MMC for finance in the City of Joburg, Matshidiso Mfikoe, says more than 10 000 residents applied for the debt rehabilitation programme to avoid getting their services discontinued. Picture: Bongiwe Mchunu.
MMC for finance in the City of Joburg, Matshidiso Mfikoe, says more than 10 000 residents applied for the debt rehabilitation programme to avoid getting their services discontinued. Picture: Bongiwe Mchunu.

Over 10 000 Joburg residents apply for debt rehabilitation programme so their services are not discontinued

By Chulumanco Mahamba Time of article published Aug 20, 2021

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Johannesburg - More than 10 000 people have applied for the City of Joburg’s debt rehabilitation programme to avoid getting their services discontinued, member of the mayoral committee (MMC) for finance Matshidiso Mfikoe said.

Mfikoe said the city and its residents had fallen on hard times because of the Covid-19 pandemic and tough economic conditions in the country.

She said that the city would be taking applications for this debt-rehabilitation programme until the end of the year. The city has a people-centred budget of around R73.3 billion designed to resuscitate quality service delivery in the middle of a pandemic.

The budget was labelled people-centred because it balanced the needs of the poor in the city and ensured that Joburg remained a world-class African city.

“If you have issues, come to us so we can be able to talk to you. We have been in the Covid-19 pandemic for almost two years, and you have not been able to pay the city for the larger part and owe the city a year of water and electricity; we will cut 50% of that amount immediately then the remaining will be rolled over a period of three years,” Mfikoe said.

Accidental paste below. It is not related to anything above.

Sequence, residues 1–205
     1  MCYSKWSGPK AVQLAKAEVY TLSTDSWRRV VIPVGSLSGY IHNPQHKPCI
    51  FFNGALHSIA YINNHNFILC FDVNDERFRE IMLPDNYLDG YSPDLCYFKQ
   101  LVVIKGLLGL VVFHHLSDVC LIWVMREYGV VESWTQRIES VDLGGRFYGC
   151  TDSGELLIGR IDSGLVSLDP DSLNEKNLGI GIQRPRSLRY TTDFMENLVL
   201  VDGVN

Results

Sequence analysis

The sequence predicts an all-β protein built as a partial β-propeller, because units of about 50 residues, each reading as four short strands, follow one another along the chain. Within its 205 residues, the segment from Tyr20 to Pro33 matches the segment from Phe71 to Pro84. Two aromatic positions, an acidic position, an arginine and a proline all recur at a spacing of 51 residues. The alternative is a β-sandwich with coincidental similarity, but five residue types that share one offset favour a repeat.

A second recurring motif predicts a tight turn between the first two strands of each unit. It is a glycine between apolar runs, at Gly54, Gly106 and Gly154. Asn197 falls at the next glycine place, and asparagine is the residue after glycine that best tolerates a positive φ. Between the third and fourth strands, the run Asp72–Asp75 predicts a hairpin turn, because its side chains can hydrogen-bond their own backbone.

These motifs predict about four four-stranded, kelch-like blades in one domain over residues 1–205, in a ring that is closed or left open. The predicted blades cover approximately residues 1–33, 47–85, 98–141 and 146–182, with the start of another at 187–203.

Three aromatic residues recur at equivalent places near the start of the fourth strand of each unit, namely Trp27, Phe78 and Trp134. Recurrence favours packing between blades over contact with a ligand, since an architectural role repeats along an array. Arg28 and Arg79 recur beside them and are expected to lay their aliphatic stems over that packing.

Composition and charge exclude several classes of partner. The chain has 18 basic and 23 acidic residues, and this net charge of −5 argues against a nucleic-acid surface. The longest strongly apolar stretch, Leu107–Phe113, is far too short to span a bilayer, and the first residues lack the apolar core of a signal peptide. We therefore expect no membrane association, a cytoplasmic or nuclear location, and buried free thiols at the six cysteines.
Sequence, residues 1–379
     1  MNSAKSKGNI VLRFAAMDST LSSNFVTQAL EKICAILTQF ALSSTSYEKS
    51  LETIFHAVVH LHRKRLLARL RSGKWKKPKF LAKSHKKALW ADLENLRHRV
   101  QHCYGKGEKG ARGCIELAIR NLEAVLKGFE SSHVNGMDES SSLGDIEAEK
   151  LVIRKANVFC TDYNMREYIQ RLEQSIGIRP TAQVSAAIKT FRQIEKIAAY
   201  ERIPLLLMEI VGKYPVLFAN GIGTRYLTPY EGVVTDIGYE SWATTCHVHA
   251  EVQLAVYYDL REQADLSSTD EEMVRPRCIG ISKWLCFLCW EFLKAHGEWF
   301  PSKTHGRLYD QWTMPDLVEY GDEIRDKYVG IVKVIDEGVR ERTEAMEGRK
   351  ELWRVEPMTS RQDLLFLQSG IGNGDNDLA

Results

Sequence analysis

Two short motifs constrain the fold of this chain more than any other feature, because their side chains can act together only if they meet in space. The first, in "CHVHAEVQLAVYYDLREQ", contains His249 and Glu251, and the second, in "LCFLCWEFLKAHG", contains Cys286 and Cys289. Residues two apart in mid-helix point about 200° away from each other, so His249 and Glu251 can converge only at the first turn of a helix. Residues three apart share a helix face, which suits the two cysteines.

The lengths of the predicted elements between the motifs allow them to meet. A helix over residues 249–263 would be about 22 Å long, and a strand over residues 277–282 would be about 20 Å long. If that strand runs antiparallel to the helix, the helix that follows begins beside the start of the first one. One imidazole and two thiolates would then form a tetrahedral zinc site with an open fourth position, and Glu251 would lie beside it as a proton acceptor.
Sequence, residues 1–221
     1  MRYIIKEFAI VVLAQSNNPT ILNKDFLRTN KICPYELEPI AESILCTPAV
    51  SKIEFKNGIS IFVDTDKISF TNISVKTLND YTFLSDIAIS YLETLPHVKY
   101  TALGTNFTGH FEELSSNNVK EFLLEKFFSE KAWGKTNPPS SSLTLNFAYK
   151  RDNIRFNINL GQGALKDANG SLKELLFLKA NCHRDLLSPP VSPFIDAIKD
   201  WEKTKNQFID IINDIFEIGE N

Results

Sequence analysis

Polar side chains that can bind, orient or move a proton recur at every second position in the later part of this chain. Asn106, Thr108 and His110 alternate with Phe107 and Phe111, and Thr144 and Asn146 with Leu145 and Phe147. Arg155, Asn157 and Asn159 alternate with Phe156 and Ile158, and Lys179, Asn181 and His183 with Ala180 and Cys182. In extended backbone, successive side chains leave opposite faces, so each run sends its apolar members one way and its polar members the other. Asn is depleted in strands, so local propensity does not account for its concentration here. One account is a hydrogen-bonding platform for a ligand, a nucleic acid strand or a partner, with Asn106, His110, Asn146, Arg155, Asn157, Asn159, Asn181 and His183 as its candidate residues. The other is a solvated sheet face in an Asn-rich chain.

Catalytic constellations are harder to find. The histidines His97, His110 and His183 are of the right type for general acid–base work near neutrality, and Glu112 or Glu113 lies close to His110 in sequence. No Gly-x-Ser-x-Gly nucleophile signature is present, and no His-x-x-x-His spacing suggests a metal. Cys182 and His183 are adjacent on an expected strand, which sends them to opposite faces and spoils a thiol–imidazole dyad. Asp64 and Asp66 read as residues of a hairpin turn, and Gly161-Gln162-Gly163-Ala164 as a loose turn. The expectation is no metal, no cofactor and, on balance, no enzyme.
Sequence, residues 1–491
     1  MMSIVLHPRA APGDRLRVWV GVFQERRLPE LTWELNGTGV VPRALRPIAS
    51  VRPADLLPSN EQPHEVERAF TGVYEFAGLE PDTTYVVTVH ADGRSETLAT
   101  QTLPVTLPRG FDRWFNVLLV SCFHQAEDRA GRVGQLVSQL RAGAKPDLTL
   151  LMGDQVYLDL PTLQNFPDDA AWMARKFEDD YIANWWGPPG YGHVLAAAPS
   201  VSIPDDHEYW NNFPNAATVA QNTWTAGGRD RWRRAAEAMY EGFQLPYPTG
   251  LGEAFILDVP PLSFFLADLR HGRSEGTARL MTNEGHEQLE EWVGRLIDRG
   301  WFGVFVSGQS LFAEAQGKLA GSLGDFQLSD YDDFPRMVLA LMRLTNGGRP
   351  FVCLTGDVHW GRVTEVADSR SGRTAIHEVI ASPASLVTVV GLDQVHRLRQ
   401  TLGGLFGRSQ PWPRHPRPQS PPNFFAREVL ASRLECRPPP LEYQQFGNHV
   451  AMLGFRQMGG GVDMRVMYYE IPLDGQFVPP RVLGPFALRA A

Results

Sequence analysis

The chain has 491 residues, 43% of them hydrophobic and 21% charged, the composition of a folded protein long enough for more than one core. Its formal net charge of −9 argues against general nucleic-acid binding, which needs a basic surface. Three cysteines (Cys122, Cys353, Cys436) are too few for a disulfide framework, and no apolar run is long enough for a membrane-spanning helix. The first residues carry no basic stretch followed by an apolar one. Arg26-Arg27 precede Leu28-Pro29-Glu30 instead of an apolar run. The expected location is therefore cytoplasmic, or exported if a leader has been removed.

Mfikoe added that those who were unable to pay would have their debt written off. But there would be careful considerations before such a concession was granted to a ratepayer. The programme is also open to churches and NGOs.

The increases were as a result of the city battling. “We buy water from Rand Water, and electricity from Eskom so we cannot afford not to increase tariffs when they increase,” Mfikoe said.

She said the Covid-19 pandemic had not only affected residents of the city, but also their staff and services.

“We have had a lot of people being infected by Covid-19 and we try to respond to issues that the communities are raising. The city will continue to work even amid the Covid-19 pandemic,” she said.

Mfikoe said she wanted to leave a legacy befitting of a woman of excellence in her office as MMC of finance and one of those legacy projects was to get to the bottom of the billing issues that some have raised with the city. “One thing I want to deal with is the myth that there is a billing crisis in the city. They will say that there is a billing crisis because when they make queries, we do not respond in time to resolve their queries.

“I’m looking forward to sitting back and saying we came in for six months and we resolved what is called the billing crisis,” Mfikoe said.

She said that she would ensure that the city’s money was spent the right way and with accountability. “... Those who are able to pay ... their rates enable us to ensure the community benefits,” she added.

The Star

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